While these results are gratifying, more impressive is the wide array of AR-specific CBIs that were found in this series (i.e., compounds 7–14 in Table 1). In agreement with our initial hypothesis, pyrimidines containing multiple bulky substituents (more than two aromatic rings) bound with complete selectivity to AR, and activity was seen in compounds as large as those containing two naphthalene and one benzene moieties (compound 14 in Table 1). These results reflect those previously found with peptide libraries, which showed that AR can bind to peptides ranging from those containing the general LXXLL binding motif of the SRCs to those having multiple phenylalanine or tryptophan residues, even ones encompassing motifs as large as WXXVW, which were found in phage display peptide libraries (13–16). These earlier reports also indicate that peptides containing these larger residues do not show any measurable binding to the ERα coactivator binding groove. Together, these results are a striking example of small-molecule peptidic mimicry, in which the exchange of side-arms on the heterocycle core results in selectivity corresponding to the analogous exchange of side-chains on peptides or proteins.
To test the ability of CBIs to circumvent clinically relevant hormone-refractory conditions, a reporter gene assay similar to that described above was developed involving a full-length AR containing the LNCaP mutation. This mutation confers agonist activity to many weak AR ligands, including the non-steroidal antagonist hydroxyflutamide (OH-Flu), due to a point mutation in the ligand binding pocket (T877A), and it is present in ~30% of patients with metastatic disease who have been treated with this drug (17). As anticipated, in this model both OH-Flu and DHT act as agonists, while many of the pyrimidine CBIs retain antagonistic activity comparable to that observed with the wild type receptor (See Figure 3c for representative traces and Table 1 and Supplementary Table 1 for binding constants). A sampling of these compounds were also assayed on the LNCaP mutant activated with both 1 nM and 100 nM DHT; the insignificant shift in the inhibition curve again provides evidence that these compounds do not effect inhibition by interaction at the ligand binding site (Figure 3d). Impressively, all but three of the AR-active compounds (10, 11, and 14 in Table 1) remain efficacious in the LNCaP model. All of these mutant-inactive compounds contain two large naphthyl substituents, and this data, coupled with the demonstrated ability of the LNCaP AR-LBD to accommodate the small ER-selective compounds, 1 and S44, as noted above, suggests that the T877A mutation introduces subtle, yet significant, differences to the coactivator binding, producing an overall more size-restrictive binding site. It should be noted that previous work with peptides showing differential selectivity between WT and T877A coactivator grooves has also been reported. (16) Supplementary Figure 4 shows a crystallographic comparison of wild type and T877A mutant AR coactivator binding grooves, demonstrating their significant structural homology.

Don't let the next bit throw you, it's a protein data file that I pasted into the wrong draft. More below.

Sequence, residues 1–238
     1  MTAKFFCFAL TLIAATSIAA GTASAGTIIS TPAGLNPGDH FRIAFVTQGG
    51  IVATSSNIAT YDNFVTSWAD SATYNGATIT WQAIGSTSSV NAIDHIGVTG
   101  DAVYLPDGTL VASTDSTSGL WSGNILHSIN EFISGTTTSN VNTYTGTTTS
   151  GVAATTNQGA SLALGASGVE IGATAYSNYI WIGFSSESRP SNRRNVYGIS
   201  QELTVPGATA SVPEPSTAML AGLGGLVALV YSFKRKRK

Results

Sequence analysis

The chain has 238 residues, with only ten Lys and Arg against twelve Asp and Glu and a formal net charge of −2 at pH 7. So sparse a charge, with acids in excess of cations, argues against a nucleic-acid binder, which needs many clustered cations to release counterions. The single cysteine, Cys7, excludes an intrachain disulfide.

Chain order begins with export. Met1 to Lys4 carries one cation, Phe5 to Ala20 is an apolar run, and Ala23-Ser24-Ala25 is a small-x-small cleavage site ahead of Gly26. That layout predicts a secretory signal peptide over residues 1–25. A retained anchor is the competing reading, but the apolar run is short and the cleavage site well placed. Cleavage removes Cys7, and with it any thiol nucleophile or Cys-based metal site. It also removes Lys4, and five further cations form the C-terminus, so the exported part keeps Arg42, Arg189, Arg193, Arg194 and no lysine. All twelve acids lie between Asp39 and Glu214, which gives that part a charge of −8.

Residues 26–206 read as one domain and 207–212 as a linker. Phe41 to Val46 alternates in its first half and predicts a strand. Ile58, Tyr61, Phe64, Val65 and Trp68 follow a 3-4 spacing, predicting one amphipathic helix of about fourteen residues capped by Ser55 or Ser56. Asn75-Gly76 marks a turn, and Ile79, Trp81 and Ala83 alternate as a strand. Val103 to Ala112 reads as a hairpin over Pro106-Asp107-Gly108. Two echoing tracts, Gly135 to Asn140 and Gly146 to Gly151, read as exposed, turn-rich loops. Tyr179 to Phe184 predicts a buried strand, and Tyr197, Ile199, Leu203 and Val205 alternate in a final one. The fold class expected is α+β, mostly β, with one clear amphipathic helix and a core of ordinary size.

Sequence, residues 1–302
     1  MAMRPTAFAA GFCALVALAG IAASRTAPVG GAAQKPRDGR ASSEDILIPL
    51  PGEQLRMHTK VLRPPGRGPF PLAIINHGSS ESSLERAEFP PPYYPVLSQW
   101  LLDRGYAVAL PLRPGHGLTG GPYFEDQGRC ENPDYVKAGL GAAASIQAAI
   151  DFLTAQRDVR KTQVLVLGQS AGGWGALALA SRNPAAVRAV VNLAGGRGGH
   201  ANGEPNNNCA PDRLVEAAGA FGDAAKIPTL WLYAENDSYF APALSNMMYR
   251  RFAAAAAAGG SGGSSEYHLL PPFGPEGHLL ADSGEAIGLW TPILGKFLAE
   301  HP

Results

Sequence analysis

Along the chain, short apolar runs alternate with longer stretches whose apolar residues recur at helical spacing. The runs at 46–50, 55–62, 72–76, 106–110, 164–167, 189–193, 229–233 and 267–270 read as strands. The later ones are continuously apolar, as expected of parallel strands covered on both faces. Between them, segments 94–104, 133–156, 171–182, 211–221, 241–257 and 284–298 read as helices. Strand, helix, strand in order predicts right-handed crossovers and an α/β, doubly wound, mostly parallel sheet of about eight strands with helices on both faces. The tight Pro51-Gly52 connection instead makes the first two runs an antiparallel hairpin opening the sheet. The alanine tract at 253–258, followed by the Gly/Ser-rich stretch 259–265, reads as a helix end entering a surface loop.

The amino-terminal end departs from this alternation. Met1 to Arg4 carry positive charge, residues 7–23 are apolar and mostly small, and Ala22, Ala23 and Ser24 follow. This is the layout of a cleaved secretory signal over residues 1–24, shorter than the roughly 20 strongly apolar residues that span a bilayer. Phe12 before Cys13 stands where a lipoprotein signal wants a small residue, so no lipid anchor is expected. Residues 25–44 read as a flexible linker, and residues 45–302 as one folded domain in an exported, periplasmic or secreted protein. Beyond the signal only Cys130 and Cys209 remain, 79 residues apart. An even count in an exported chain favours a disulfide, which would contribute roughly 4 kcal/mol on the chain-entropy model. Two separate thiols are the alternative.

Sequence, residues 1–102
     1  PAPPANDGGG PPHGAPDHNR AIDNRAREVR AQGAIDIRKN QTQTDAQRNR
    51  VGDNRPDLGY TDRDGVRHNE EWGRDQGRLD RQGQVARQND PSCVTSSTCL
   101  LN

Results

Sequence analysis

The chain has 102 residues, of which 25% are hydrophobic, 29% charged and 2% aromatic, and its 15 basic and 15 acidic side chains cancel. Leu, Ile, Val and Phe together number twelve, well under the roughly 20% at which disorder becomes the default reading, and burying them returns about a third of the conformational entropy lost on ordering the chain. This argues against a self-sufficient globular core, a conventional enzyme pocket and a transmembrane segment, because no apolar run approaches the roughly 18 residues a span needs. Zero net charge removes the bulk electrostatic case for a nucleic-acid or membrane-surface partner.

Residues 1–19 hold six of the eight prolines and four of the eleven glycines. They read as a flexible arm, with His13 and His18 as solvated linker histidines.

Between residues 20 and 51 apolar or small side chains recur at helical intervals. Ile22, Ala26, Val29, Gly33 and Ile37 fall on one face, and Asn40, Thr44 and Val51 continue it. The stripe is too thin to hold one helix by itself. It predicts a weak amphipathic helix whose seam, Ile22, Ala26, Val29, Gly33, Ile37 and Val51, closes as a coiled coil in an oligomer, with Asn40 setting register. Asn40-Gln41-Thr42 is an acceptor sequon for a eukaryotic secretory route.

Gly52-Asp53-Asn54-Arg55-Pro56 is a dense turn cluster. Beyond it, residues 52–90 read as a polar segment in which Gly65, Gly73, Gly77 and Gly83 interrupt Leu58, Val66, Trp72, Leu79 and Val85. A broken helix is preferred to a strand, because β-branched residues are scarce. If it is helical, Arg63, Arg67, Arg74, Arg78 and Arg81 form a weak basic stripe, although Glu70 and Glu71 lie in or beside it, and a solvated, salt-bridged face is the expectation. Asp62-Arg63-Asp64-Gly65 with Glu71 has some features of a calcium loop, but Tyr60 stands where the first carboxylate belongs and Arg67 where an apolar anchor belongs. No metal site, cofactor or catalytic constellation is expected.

In summary, we have utilized a structure-based peptidomimetic approach to design and synthesize a pyrimidine-core CBI library, the larger members of which selectively disrupt the AR/SRC interaction. The feasibility of this approach to effectively treat even a form of endocrine-insensitive prostate disease has also been demonstrated in an LNCaP model of prostate cancer. Finally, efforts are currently underway to not only increase the affinity of these compounds for AR, but also to improve their solubility through incorporation of various heterocycles (e.g., pyridine) and the addition of polar substituents (i.e., −OH, −NH2, etc) to the peripheral aromatic rings of the CBIs, which will facilitate evaluation of these compounds in animal models.